The initial treatment of severe malignant hypertension should be so designed as to avoid reduction in diastolic blood pressure with impairment of autoregulatory mechanisms.
In patients with coronary insufficiency, treatment should not be discontinued abruptly.
Sudden withdrawal of beta-adrenoceptor blocking agents in patients with ischemic heart disease may result in the appearance of anginal attacks of increased frequency or severity or deterioration in cardiac state. Although no adverse effects due to abrupt cessation of celiprolol have been studied in clinical trials, therapy should be gradually reduced over 1-2 weeks, at the same time, if necessary, initiating replacement therapy to prevent exacerbation of angina pectoris.
Celiprolol therapy must be reported to the anaesthetist prior to general anaesthesia. If it is decided to withdraw the medicinal product before surgery, 48 hours should be allowed to elapse between the last dose and anaesthesia. Continuation of beta blockade reduces the risk of arrhythmias during induction and intubation, although reflex tachycardia may be attenuated and the risk of hypotension may be increased (see “Interactions”). In the event of continuation of celiprolol treatment, special care should be exercised when using anaesthetic agents such as ether, cyclopropane or trichloroethylene (sees section 4.5 Interaction with other medicinal products and other forms of interaction). The patient may be protected against vagal reactions by the intravenous administration of atropine.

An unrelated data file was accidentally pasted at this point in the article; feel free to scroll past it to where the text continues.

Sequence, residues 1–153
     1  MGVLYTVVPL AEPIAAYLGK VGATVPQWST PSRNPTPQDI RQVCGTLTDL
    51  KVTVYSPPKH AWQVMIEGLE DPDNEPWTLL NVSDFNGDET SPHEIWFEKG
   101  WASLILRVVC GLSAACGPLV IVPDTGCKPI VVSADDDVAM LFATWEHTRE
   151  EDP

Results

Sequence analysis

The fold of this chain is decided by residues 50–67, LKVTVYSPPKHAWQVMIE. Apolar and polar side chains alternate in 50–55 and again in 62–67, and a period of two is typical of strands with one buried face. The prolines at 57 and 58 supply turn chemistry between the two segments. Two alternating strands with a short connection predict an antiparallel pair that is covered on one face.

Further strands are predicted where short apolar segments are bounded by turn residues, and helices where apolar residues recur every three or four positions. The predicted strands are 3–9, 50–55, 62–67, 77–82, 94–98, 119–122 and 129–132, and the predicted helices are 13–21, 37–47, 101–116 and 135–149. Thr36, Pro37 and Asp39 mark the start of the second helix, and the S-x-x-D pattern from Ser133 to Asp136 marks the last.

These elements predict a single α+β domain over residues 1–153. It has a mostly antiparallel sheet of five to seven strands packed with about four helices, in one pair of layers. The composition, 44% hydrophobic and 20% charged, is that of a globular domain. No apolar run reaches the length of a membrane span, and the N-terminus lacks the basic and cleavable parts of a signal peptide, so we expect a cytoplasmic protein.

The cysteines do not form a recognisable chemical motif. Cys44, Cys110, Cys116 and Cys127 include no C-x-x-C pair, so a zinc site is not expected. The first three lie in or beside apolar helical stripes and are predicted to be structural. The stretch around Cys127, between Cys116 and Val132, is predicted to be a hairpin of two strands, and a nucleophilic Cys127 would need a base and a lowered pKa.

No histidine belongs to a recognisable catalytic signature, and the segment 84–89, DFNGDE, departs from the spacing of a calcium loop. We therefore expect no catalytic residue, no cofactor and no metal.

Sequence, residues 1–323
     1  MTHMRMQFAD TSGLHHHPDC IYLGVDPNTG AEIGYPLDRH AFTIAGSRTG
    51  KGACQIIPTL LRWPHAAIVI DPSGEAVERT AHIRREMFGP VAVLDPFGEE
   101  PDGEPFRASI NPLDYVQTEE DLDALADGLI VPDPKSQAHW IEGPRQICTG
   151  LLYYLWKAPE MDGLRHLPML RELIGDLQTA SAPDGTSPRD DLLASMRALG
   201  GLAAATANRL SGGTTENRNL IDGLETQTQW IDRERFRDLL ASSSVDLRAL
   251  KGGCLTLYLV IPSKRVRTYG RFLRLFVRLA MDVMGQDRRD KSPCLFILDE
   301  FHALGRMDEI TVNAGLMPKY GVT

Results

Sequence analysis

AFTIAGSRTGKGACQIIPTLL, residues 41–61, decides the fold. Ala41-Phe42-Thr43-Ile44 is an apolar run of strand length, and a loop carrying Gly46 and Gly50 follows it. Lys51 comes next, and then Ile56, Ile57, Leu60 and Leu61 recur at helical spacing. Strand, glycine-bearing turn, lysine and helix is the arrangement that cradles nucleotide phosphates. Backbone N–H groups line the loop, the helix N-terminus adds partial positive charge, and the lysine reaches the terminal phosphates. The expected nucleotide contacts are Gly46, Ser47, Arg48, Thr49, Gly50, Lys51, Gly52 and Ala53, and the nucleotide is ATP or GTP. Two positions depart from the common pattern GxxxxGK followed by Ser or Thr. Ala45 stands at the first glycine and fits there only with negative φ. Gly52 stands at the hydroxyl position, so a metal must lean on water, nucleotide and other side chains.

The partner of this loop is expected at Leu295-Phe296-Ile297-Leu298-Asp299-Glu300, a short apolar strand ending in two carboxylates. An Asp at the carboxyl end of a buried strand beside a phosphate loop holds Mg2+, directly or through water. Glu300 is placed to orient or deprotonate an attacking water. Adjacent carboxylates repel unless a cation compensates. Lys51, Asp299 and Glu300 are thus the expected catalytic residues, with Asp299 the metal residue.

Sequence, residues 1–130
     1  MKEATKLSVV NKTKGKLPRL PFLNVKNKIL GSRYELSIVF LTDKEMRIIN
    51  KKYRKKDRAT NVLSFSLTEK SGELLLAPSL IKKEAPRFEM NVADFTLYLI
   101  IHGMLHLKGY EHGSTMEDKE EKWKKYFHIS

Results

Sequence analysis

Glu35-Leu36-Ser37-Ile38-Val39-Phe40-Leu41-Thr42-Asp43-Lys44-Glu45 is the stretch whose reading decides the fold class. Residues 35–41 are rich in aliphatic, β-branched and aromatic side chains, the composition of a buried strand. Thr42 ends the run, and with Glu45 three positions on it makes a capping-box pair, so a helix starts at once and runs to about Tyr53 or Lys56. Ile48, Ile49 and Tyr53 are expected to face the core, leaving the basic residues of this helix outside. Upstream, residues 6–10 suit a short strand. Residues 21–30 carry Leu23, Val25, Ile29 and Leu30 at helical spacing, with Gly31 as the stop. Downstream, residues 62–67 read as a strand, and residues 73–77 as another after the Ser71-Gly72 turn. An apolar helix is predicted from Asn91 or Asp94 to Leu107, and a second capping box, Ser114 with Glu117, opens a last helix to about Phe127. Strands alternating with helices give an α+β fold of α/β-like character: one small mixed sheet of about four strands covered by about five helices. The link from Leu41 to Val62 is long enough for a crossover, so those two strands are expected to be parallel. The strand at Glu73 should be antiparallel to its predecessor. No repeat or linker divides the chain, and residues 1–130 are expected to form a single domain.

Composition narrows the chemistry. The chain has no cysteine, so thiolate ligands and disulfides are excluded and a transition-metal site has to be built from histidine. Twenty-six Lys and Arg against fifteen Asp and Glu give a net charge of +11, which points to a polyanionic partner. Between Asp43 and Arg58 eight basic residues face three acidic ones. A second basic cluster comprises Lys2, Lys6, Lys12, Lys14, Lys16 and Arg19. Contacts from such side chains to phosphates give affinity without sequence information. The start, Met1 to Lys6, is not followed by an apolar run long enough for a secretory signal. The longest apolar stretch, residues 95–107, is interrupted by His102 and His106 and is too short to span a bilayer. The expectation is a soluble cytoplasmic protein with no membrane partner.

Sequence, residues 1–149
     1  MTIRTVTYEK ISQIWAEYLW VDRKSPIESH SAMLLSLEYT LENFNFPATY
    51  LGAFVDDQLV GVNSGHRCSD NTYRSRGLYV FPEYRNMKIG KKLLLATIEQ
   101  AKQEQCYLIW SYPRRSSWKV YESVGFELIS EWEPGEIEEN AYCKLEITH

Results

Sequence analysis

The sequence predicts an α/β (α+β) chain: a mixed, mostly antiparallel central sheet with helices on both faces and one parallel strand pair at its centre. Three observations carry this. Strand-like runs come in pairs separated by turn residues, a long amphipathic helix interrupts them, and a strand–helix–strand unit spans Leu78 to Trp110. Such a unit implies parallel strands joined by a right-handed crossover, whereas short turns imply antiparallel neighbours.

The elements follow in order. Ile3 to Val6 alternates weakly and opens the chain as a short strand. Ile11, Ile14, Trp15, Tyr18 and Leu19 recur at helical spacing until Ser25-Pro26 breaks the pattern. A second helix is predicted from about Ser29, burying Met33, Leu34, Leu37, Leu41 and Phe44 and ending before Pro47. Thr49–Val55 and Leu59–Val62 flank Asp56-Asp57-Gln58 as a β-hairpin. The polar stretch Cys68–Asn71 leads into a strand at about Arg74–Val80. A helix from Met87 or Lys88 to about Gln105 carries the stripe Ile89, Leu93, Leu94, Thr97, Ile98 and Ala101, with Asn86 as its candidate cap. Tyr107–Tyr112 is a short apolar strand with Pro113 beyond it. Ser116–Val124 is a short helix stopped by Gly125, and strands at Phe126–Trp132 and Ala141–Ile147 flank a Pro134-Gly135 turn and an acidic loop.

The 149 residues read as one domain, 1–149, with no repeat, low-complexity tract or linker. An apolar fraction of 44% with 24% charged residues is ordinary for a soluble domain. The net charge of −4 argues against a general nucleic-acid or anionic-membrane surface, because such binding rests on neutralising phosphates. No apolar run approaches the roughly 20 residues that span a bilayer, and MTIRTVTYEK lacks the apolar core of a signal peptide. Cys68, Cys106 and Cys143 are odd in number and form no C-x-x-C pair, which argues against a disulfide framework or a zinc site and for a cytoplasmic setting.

Celiprolol should only be used with caution in patients with well controlled congestive cardiac failure (patients treated with digitalis and/or diuretics) or with a history of asthma under strict medical surveillance. Evidence of decompensation should be regarded as a signal to discontinue therapy.
In patients with peripheral circulatory disorders (Raynaud's disease or syndrome, intermittent claudication), beta blockers should be used with great caution as aggravation of these disorders may occur. Close monitoring is advisable.